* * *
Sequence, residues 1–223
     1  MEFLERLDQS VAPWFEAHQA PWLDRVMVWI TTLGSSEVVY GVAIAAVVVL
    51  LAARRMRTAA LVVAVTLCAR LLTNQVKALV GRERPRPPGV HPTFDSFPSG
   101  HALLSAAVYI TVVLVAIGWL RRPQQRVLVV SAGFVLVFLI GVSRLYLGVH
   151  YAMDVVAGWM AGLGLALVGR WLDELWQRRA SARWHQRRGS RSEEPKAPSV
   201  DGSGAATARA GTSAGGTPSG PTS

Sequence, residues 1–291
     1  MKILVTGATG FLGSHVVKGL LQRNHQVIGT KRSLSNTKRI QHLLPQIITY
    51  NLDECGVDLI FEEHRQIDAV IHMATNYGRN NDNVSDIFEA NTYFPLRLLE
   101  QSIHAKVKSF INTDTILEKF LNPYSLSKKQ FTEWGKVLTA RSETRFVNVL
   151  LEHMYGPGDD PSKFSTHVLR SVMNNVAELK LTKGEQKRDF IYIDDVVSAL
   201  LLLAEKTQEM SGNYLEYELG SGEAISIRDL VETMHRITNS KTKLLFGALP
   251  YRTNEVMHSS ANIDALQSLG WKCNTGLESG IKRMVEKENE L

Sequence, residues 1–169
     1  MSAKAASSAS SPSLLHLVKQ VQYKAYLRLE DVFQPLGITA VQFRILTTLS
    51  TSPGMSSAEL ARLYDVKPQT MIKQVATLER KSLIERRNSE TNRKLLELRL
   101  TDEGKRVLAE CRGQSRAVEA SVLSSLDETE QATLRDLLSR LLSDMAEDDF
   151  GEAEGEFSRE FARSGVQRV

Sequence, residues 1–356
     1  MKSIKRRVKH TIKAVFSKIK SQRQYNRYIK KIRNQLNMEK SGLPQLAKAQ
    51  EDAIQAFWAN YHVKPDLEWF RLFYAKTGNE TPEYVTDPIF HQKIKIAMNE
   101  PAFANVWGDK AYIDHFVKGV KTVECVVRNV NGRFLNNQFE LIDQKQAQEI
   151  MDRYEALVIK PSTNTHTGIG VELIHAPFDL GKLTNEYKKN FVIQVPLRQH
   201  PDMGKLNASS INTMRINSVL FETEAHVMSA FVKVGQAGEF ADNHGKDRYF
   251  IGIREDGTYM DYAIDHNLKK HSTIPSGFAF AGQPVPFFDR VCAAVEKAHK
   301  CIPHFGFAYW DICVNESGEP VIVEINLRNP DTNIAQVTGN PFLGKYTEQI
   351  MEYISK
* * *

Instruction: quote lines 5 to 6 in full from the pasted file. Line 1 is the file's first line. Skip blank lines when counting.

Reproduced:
   151  YAMDVVAGWM AGLGLALVGR WLDELWQRRA SARWHQRRGS RSEEPKAPSV
   201  DGSGAATARA GTSAGGTPSG PTS